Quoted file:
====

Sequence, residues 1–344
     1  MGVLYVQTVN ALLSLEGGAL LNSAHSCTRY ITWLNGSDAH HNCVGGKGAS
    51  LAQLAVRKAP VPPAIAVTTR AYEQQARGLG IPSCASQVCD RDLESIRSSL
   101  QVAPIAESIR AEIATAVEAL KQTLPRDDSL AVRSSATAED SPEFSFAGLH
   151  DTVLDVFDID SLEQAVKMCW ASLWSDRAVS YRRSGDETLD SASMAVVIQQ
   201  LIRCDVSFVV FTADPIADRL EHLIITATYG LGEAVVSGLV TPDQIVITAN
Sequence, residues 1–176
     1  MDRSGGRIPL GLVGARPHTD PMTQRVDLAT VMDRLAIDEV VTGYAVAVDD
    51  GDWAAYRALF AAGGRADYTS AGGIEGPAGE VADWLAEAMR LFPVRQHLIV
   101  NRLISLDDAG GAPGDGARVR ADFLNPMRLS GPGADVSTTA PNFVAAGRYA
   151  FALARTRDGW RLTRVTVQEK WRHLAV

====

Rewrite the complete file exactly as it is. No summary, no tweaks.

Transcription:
Sequence, residues 1–344
     1  MGVLYVQTVN ALLSLEGGAL LNSAHSCTRY ITWLNGSDAH HNCVGGKGAS
    51  LAQLAVRKAP VPPAIAVTTR AYEQQARGLG IPSCASQVCD RDLESIRSSL
   101  QVAPIAESIR AEIATAVEAL KQTLPRDDSL AVRSSATAED SPEFSFAGLH
   151  DTVLDVFDID SLEQAVKMCW ASLWSDRAVS YRRSGDETLD SASMAVVIQQ
   201  LIRCDVSFVV FTADPIADRL EHLIITATYG LGEAVVSGLV TPDQIVITAN
Sequence, residues 1–176
     1  MDRSGGRIPL GLVGARPHTD PMTQRVDLAT VMDRLAIDEV VTGYAVAVDD
    51  GDWAAYRALF AAGGRADYTS AGGIEGPAGE VADWLAEAMR LFPVRQHLIV
   101  NRLISLDDAG GAPGDGARVR ADFLNPMRLS GPGADVSTTA PNFVAAGRYA
   151  FALARTRDGW RLTRVTVQEK WRHLAV